Photo Credit: Warner Brothers
If you're a mystery fan, there's no shortage of entertainment in this world; how many Law and Order spin-offs and Sue Grafton novels can you handle? On the other hand, most new films and TV shows that can be described as "mysteries" are police procedurals. Which means fans of the old-fashioned mystery -- Agatha Christie-style plot twists, Victorian detectives searching upper-crust homes for poisoned teacups -- are stuck watching PBS re-runs.
Pretty soon, however, the classic murder mystery will be returning to theaters. Two upcoming films pay tribute to the Victorian whodunit -- and if these are successful, expect to see many more suspicious butlers and scheming heiresses at your local cineplex.
The first you've no doubt heard about -- Sherlock Holmes, starring Robert Downey Jr. as Sherlock and Jude Law as Watson. Directed by Guy Ritchie, the film invents a new Holmes story, making the detective a more dynamic crimefighter -- one who can use his fists as well as his wits. Although the movie looks radically different from any previous Sherlock Holmes adaptation, Ritchie says the story is faithful to Arthur Conan Doyle's character: "We're trying to be as authentic as we can to the original Sherlock Holmes." The movie comes out this Christmas.
Another Victorian mystery is in the works from director James McTeigue (V for Vendetta, Ninja Assassin), based on the real-life character of Edgar Allen Poe. In The Raven, Poe will have to solve a series of serial-killer murders based on his own gruesome short stories. The story is fictional, but Poe is a perfect detective character: The author not only invented the detective-fiction genre, he famously investigated murders as a hobby, and even died under mysterious circumstances. (If he wasn't real, Poe would have had to invent himself.) McTeigue is still casting the movie, but it will probably have a less glamorous cast than Sherlock Holmes: "Clooney and Pitt, they're good actors, but in my vision of it, they're not the people I'm thinking of."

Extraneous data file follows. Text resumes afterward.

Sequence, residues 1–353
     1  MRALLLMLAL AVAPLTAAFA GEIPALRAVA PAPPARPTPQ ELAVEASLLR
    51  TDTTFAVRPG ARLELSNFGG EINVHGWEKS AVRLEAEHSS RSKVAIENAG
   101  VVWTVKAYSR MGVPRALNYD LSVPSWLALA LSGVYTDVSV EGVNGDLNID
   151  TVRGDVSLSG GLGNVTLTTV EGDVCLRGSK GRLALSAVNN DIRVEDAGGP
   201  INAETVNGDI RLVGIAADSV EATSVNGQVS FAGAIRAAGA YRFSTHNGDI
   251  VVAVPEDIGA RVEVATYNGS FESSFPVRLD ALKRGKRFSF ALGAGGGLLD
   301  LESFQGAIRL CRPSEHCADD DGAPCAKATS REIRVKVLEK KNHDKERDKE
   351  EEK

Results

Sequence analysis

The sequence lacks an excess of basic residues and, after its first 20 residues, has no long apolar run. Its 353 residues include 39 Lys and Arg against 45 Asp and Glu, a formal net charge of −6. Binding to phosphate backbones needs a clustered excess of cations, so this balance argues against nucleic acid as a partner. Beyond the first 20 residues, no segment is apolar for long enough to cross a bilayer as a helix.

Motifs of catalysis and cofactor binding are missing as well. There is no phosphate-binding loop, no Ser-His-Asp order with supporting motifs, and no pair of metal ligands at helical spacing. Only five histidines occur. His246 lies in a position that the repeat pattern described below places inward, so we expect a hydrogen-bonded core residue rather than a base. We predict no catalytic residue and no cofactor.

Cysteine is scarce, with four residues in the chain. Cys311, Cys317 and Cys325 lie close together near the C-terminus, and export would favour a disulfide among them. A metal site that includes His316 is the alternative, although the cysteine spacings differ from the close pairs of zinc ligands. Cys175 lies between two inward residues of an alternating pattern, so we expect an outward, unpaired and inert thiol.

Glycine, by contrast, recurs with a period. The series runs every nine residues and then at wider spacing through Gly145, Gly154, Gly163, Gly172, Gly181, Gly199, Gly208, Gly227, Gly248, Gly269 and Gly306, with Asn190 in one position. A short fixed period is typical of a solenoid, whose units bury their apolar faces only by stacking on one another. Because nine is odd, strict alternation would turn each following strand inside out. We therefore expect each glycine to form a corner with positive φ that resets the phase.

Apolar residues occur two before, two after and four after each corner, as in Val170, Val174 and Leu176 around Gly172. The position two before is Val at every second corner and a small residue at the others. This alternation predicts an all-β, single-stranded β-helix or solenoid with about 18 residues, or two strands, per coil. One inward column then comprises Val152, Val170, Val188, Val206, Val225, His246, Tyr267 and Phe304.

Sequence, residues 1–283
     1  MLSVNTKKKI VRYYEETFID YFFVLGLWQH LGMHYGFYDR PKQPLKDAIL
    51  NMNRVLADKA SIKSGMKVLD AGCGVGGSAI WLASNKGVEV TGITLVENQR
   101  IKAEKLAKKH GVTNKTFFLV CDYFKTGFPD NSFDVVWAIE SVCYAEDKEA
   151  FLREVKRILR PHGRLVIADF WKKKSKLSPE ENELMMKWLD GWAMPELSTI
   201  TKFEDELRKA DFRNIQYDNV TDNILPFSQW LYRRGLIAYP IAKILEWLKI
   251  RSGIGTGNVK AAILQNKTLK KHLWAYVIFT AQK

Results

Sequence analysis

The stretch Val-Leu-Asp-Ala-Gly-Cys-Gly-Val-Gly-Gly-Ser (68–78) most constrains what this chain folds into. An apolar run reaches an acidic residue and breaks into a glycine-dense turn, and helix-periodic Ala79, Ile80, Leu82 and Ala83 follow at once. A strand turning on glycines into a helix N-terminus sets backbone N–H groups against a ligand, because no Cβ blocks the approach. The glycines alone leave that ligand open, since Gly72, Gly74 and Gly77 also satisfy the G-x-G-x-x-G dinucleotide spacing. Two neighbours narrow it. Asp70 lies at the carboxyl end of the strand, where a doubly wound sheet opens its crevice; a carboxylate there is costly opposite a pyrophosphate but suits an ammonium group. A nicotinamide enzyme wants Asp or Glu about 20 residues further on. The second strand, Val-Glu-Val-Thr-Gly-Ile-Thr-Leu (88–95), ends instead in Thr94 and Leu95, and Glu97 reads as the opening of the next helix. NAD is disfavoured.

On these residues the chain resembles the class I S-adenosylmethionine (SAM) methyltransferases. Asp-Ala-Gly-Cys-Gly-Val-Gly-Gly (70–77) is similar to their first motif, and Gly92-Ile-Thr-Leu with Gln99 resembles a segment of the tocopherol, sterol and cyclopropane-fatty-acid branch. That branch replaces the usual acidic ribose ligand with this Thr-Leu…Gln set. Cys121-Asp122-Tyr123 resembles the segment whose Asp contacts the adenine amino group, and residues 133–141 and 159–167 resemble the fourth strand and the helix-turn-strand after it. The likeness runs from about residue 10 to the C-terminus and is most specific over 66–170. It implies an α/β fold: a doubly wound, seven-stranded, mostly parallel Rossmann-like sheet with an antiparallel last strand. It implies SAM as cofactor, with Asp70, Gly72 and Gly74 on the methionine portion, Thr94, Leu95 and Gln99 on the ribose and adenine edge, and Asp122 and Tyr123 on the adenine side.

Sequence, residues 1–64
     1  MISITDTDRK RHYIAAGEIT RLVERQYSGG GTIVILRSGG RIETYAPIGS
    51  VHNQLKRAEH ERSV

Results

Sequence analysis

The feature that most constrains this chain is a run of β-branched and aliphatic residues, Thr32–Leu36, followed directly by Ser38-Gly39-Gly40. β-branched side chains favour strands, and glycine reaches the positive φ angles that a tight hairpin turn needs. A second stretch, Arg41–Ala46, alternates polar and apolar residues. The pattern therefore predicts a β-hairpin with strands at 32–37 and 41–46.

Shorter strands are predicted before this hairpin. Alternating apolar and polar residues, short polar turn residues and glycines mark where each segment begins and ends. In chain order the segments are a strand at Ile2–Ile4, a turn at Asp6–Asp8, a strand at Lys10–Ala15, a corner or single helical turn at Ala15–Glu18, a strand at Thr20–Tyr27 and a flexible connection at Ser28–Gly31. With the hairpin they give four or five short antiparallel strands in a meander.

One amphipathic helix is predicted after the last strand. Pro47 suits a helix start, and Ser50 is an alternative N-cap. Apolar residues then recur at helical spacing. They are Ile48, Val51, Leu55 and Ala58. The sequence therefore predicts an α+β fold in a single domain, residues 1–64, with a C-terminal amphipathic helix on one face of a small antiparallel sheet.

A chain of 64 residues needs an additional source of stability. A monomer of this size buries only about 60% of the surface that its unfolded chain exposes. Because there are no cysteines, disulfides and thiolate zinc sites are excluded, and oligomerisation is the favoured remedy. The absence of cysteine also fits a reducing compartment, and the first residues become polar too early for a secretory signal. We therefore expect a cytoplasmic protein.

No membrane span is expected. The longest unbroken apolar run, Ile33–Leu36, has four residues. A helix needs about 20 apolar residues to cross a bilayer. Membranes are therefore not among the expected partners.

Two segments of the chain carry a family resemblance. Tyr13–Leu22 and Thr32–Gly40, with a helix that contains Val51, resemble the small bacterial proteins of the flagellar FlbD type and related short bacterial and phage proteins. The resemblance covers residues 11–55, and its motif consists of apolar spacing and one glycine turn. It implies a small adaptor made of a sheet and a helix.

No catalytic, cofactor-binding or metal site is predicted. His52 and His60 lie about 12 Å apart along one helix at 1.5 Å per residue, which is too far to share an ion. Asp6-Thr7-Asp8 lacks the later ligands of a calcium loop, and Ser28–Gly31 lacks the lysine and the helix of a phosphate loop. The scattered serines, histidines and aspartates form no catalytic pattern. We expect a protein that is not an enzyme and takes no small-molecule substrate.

This new interest in Victorian thrillers may be part of the steampunk trend, or an extension of our current goth-vampire fascination -- or it may just be that people love mysteries where the men wear hats and smoke pipes. Either way, count us in.
What's you favorite movie genre? Chime in below!